We are called upon to be good citizens, to pay our taxes, as today’s Gospel portrays. But good citizenship doesn’t mean giving in to everything that comes our way. We have to be people who pursue the truth, no matter where it leads us.
A case in point is the life of Today’s saint, Teresa Benedicta of the Cross. Born into a prominent Jewish family in Breslau as Edith Stein, she abandoned Judaism in her teens. She studied philosophy under Edmund Husserl, a leading proponent of the philosophy of phenomenology. Edith earned a doctorate in philosophy in 1916. She became a Catholic in 1922, and the following year entered the Carmelite convent at Cologne, where she took the name Teresa Benedicta of the Cross.
At the end of 1939, she moved to the Carmelite monastery in Echt, Netherlands. The Nazis occupied that country in 1940. In retaliation for being denounced by the Dutch bishops, the Nazis arrested all Dutch Jews who had become Christians. Teresa Benedicta and her sister Rosa, also a Catholic, died in a gas chamber in Auschwitz on August 9, 1942.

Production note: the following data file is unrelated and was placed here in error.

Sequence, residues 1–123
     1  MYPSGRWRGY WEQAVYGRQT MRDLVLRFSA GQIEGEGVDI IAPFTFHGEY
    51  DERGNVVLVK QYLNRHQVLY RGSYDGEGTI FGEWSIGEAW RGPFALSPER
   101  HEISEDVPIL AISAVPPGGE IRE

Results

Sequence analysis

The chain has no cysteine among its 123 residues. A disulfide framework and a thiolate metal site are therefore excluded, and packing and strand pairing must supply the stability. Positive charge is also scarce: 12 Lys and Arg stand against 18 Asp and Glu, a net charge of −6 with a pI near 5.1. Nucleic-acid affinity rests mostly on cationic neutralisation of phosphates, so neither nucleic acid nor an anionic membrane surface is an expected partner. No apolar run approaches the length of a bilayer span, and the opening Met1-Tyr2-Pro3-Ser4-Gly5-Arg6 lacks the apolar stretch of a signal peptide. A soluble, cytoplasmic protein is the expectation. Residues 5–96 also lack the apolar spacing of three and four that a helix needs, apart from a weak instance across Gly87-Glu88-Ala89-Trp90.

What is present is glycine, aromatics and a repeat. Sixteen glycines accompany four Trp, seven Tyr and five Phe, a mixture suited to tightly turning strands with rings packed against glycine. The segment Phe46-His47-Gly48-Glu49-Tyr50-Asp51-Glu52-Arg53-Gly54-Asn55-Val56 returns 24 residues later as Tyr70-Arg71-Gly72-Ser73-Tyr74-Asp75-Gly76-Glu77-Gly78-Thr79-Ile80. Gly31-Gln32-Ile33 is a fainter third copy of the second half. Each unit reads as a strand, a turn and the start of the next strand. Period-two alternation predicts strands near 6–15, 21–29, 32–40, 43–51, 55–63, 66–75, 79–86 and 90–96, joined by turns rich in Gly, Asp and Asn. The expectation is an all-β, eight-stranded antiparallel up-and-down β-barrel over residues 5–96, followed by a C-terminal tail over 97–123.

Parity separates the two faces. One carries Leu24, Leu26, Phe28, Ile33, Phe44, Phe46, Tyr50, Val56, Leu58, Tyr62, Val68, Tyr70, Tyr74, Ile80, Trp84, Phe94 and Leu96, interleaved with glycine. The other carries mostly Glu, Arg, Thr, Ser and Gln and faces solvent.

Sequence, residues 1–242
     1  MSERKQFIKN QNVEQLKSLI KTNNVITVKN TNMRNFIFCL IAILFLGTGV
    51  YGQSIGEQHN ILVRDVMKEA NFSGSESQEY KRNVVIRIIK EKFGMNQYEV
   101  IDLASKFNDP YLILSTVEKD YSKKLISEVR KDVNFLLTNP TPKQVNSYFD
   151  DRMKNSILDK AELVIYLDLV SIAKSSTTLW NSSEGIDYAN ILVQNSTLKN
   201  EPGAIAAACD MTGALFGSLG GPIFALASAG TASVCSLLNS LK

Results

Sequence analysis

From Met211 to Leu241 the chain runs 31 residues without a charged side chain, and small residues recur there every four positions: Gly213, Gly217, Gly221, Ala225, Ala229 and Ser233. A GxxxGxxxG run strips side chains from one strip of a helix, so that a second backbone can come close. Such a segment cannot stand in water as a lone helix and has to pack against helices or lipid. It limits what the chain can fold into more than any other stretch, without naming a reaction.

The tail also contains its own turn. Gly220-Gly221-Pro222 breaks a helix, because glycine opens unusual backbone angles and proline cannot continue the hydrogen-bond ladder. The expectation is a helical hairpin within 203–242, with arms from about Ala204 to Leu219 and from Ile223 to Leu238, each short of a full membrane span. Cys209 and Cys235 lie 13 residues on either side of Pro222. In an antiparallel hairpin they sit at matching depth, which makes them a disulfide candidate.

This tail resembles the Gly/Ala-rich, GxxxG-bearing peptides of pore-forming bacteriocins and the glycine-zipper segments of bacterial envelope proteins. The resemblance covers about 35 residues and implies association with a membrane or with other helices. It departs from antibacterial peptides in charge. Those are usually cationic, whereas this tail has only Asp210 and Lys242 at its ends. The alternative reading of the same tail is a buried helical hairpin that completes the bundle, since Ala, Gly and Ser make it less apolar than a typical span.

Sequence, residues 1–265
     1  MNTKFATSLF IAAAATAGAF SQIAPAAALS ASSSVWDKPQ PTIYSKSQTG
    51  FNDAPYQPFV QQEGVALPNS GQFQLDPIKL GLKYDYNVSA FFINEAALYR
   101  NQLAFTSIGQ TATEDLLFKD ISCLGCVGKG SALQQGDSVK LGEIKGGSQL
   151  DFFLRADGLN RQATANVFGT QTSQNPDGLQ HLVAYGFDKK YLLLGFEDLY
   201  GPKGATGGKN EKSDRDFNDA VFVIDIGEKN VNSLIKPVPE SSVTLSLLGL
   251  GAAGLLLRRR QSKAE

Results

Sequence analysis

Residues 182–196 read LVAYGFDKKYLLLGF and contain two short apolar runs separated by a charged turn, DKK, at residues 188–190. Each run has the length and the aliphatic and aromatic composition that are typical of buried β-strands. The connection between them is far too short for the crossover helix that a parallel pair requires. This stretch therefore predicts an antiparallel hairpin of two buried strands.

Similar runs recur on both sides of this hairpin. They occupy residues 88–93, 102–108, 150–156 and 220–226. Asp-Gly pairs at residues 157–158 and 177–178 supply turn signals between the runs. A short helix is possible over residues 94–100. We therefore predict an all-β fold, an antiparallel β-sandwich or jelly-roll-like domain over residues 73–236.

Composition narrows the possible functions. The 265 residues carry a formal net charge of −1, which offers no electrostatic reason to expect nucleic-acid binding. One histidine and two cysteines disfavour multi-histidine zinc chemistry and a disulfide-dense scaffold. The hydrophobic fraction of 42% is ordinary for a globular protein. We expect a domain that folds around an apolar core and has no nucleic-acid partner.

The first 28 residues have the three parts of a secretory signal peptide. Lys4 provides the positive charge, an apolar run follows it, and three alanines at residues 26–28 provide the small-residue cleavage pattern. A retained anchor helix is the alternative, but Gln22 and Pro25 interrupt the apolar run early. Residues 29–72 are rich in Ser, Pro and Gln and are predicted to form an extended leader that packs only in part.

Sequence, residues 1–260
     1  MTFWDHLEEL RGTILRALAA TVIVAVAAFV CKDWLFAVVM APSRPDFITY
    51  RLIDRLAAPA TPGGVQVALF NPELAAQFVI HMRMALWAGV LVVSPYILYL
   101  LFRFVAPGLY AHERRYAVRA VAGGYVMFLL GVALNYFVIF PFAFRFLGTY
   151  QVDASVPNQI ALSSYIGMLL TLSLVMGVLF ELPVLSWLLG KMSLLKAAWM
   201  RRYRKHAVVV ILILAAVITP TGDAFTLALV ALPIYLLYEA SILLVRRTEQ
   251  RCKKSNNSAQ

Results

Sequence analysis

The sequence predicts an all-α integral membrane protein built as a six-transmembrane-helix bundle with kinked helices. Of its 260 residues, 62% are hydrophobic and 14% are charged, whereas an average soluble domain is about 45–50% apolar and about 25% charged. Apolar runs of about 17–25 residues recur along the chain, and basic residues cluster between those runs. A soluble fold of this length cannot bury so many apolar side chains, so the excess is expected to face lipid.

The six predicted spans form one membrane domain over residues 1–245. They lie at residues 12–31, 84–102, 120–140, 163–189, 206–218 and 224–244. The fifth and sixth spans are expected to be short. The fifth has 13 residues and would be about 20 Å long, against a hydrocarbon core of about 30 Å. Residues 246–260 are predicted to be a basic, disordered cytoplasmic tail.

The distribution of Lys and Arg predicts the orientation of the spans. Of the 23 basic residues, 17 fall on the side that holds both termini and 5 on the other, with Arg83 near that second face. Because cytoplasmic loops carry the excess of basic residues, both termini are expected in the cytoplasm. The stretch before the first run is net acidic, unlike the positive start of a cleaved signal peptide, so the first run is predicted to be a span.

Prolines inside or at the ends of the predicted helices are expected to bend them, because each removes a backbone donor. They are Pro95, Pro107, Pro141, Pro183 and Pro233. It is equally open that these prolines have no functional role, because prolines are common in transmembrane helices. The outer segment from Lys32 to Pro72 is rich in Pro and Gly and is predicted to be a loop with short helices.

The search for truth is an important one; one that we cannot ignore. When we find that truth, we must follow it with all our hearts. That will always come at a cost. For Teresa Benedicta of the Cross, it came at the cost of her life. For us, it might cost our ego, or our prestige, or even wealth. But as Teresa’s name suggests, the way to the truth always comes in the cross, and it is in the truth alone that we will find real peace.